Rio Algom's Track Record

Year 2000: Rio Algom announces strong first quarter
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In January 1998, Exxon sold its 50% share of the Crandon mine project to its partner, Rio Algom Ltd., which formed a new subsidiary called the Nicolet Minerals Company. Exxon, however, still retains an interest in the zinc-copper project. If the state of Wisconsin ever permits the project, Exxon would receive a net profits royalty of between 2.25% and 3.75% (indexed to the price of zinc), plus a $5 million bonus should production begin.

The new sole owner of the Crandon project is a giant in the industry, and has a far more controversial mining record around North America than Exxon has ever had. Rio Algom is a Toronto-based mining company with interests in copper, molybdenum, coal, tin, zinc, silver, uranium, as well as an international metals distribution business. Many of Rio Algom's projects have been found to have caused environmental and economic damage. In each case where mine reclamation (cleanup) has begun, significant time passed between site closure and cleanup work, adding extra costs for the company and causing needless damage to the environment. Nearly all of Rio Algom's mines have suffered early or unexpected closures--resulting in massive layoffs and economic upheavals.

Rio Algom was originally the Canadian arm of the world's largest mining firm, London-based Rio Tinto Zinc (RTZ). In 1955, RTZ acquired a substantial interest in several Ontario uranium mines near the northern shore of Lake Huron, collectively known as the Elliot Lake complex. During the U.S. nuclear weapons buildup of the 1950s- 60s, there were 12 mines in the area, employing over 10,000 workers. These mines were combined under Rio Algom in 1960, and over the next 30 years were identified with one of the world's most notorious examples of radioactive contamination of the environment.

By 1976, Ontario officials documented that all 55 miles of the Serpent River system, including more than a dozen lakes, were badly contaminated. The wastes from the Elliot Lake mines are acid-generating due to sulfides, and highly-radioactive due to the inefficiency of uranium milling. Typically, more than 85% of the radioactive byproducts, (radium and radon) end up in the waste tailings. The report also pointed out that there were no fish living in the entire river downstream from the mining wastes (another company there, Denison, also contributed to the problems) Through 1978, more than 30 tailings dam failures (this number is the total from both companies) were reported. And as recently as August 1993, Canada's Atomic Energy Control Board (AECB) charged Rio Algom with one count of failure to prevent a "reasonably foreseeable" waste spill. A power failure at Stanleigh caused a 2 million liter (500,000 gallons) spill of radioactive and chemically contaminated water in McCabe Lake. All but one of the mines were closed by 1990, and the last, Stanleigh, closed in 1996.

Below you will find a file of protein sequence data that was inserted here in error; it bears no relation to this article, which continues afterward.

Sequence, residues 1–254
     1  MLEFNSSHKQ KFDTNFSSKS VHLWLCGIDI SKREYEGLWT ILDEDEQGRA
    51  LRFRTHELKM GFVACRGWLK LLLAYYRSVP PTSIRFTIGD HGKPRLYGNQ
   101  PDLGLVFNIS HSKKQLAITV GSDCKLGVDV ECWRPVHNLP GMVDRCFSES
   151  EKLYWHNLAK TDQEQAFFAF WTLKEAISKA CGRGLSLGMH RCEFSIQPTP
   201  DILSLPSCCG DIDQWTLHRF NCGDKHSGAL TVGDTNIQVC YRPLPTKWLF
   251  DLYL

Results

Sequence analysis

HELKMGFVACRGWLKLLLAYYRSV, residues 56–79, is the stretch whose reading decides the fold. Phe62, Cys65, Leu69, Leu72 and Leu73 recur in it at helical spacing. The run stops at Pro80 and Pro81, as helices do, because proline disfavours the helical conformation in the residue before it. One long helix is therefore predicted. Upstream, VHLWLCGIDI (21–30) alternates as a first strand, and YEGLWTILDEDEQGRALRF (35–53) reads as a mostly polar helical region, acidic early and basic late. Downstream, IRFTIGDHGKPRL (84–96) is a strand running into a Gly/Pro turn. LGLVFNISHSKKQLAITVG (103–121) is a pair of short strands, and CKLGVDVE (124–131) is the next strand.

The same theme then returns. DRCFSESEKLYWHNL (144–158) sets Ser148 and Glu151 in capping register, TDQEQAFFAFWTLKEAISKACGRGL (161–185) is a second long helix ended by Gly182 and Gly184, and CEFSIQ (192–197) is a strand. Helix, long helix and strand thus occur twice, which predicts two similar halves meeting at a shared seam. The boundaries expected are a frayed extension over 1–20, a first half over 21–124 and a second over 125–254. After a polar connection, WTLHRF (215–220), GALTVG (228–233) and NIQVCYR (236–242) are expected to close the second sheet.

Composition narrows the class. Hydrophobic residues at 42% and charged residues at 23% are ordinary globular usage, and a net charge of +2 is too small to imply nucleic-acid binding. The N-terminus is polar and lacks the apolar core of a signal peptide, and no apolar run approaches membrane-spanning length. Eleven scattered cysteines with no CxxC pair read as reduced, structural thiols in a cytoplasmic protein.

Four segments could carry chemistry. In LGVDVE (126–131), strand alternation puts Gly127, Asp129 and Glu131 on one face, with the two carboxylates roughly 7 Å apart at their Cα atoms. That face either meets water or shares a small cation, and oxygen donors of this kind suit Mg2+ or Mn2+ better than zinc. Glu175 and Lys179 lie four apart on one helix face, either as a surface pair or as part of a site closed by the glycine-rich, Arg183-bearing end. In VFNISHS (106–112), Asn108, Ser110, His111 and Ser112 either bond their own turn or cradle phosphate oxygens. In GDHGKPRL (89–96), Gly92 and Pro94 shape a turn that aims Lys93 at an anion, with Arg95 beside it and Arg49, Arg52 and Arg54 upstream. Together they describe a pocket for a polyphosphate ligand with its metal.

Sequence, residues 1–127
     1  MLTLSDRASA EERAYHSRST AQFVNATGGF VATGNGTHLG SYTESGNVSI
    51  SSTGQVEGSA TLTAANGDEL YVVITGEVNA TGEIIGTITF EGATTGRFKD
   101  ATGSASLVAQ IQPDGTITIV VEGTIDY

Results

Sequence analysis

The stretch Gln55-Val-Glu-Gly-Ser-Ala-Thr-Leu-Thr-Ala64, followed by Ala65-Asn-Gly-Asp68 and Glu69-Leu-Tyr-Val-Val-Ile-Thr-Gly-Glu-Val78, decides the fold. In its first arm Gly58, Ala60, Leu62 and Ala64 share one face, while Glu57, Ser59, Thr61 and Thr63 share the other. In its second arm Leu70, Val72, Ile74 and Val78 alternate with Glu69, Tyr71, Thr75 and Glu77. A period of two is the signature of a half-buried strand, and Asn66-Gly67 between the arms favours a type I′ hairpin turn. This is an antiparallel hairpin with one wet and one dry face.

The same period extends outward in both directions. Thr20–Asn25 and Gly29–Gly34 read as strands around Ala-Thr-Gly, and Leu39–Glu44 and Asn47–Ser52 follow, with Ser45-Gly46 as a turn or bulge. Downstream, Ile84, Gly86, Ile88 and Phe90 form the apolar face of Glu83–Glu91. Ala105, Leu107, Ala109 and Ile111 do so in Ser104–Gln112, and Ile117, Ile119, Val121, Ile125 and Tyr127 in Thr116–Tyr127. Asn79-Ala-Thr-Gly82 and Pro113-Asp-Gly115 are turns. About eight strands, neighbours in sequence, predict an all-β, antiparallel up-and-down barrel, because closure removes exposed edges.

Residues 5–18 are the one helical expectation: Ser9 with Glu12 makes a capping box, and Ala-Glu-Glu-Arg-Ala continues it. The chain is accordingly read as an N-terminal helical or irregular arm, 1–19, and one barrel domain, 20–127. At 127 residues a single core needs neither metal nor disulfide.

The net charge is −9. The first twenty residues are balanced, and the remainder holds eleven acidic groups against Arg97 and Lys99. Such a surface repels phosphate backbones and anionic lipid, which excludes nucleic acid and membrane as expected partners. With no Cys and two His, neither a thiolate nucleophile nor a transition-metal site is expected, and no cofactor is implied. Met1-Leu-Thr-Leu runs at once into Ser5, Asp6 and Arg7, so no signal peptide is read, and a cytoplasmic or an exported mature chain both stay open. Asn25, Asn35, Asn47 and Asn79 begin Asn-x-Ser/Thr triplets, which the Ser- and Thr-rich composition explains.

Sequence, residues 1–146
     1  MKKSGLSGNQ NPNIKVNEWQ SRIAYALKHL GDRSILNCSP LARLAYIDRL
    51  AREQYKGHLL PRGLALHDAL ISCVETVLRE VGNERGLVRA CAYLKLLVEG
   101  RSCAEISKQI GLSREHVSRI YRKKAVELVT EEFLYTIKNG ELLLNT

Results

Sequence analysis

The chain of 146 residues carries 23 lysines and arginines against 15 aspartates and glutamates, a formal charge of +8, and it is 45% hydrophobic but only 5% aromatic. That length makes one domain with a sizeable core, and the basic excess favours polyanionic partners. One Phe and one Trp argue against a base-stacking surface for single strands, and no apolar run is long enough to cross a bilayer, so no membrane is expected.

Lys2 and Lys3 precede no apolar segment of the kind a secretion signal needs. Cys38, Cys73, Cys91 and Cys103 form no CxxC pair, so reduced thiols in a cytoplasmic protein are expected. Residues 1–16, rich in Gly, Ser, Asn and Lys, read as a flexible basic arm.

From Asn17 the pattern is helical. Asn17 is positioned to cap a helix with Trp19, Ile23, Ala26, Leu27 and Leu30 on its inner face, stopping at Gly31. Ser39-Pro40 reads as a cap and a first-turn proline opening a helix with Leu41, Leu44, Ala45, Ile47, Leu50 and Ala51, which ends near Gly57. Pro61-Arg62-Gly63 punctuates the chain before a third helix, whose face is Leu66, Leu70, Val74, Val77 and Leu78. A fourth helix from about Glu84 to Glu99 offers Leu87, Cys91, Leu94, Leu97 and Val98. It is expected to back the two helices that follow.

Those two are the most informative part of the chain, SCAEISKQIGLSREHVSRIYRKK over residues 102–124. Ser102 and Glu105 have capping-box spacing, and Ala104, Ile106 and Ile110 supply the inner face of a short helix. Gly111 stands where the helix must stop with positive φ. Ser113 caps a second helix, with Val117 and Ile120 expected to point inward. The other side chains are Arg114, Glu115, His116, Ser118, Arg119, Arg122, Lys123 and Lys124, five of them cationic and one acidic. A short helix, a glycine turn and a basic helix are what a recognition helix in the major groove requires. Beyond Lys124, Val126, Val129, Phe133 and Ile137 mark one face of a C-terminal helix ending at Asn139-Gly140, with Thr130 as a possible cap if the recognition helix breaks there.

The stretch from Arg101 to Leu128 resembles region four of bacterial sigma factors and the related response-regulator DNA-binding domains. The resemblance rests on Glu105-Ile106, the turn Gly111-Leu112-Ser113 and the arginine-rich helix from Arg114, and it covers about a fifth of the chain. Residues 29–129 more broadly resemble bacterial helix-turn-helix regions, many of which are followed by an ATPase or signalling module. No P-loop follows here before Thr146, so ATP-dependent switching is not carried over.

In 1992, RTZ sold its 51.4% stake in Rio Algom, explaining that it was to avoid competition with other North American interests such as its Kennecott Copper affiliate (operator of the Ladysmith mine in Wisconsin). However, industry experts interviewed by the Canadian mining industry news- paper The Northern Miner said that more important were "the potential liabilities related to the decommissioning of Rio's Elliot Lake, Ontario uranium mine."

Reports from the Ontario Workman's Compensation Board (1969) and the Royal Commission on the Health and Safety of Workers in Mines (1976), showed abnormally high levels of lung cancers among Elliot Lake miners. Homer Seguin, former United Steelworkers of America (USWA) Area Coordinator for Northeast Ontario, says "Rio Algom has a terrible track record in terms of protection of the environ- ment and protection of workers in the workplace." Former USWA National Director for Health and Safety Kenneth Valentine wrote in 1980 that the companies at Elliot Lake "should have their license revoked" since "untold numbers of people have died" from miners' dust exposure (silicosis) and radiation-linked lung cancer. The provincial health ministry estimated miners' lung cancer cases to exceed average rates by 300-500 percent.

Since they have closed, Rio Algom's Stanleigh, Quirke, and Panel mines have received decommissioning licenses from the Atomic Energy Control Board. This was the stamp of approval needed to proceed with reclamation plans that involve flooding the highly radioactive and acid-producing sulfide wastes behind dams. This reclamation concept was the cheapest alternative available to Rio Algom, in that no further relocation or engineered covers over the tailings was required. The approved plans were dubbed by critics as "Flood and Flee," due to Rio Algom's ultimate goal of handing its Elliot Lake properties back to Canada. (Quirke operated from 1956-61 and 1970-90 and produce 46 million tons of tailings and waste rock. Panel operated from 1958- 61 and 1979-90, and produced 16 million tons of wastes. Stanleigh operated from 1957-68 and 1983-96, with 20 million tons of wastes produced.)